The Arab League Mulls Whether to Readmit al Assad's Syria
MIN READJan 30, 2019 | 11:50 GMT
People walk amid rubble of destroyed buildings in a street in the Tadamun neighborhood near the Palestinian Yarmuk camp in southern Damascus on Nov. 3, 2018. Damascus' erstwhile detractors are realizing it might be better to work with, rather than against, Bashar al Assad's government.
(LOUAI BESHARA/AFP/Getty Images)
After years in the diplomatic wilderness due to its civil war, Syria may soon come in from the cold, at least in its immediate neighborhood. Recent diplomatic developments attest to the shifting sentiment: Last month, Sudanese President Omar al Bashir became the first head of state from an Arab League state to visit his Syrian counterpart in Damascus since the Syrian conflict began almost eight years ago. The same month, the United Arab Emirates reopened its embassy in Damascus after shuttering it in 2011. Neighboring countries like Jordan and Lebanon, which have suffered economically and politically from the raging conflict next door, are also mulling how and when to resume their strained ties with Syria.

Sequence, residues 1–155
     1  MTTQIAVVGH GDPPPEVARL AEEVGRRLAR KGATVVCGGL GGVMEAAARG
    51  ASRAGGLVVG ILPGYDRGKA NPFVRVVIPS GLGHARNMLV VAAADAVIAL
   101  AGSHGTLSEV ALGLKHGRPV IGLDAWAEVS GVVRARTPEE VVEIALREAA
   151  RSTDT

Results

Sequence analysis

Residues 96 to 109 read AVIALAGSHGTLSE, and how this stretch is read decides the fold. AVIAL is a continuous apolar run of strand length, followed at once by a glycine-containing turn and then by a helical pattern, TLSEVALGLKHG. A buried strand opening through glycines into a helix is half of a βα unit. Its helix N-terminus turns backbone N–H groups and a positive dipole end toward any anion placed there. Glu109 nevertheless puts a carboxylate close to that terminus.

But among the clearest signs that Syria's standing in the Arab world is improving is the prospect that the Arab League will readmit Bashar al Assad's government, eight years after it voted to oust Damascus...
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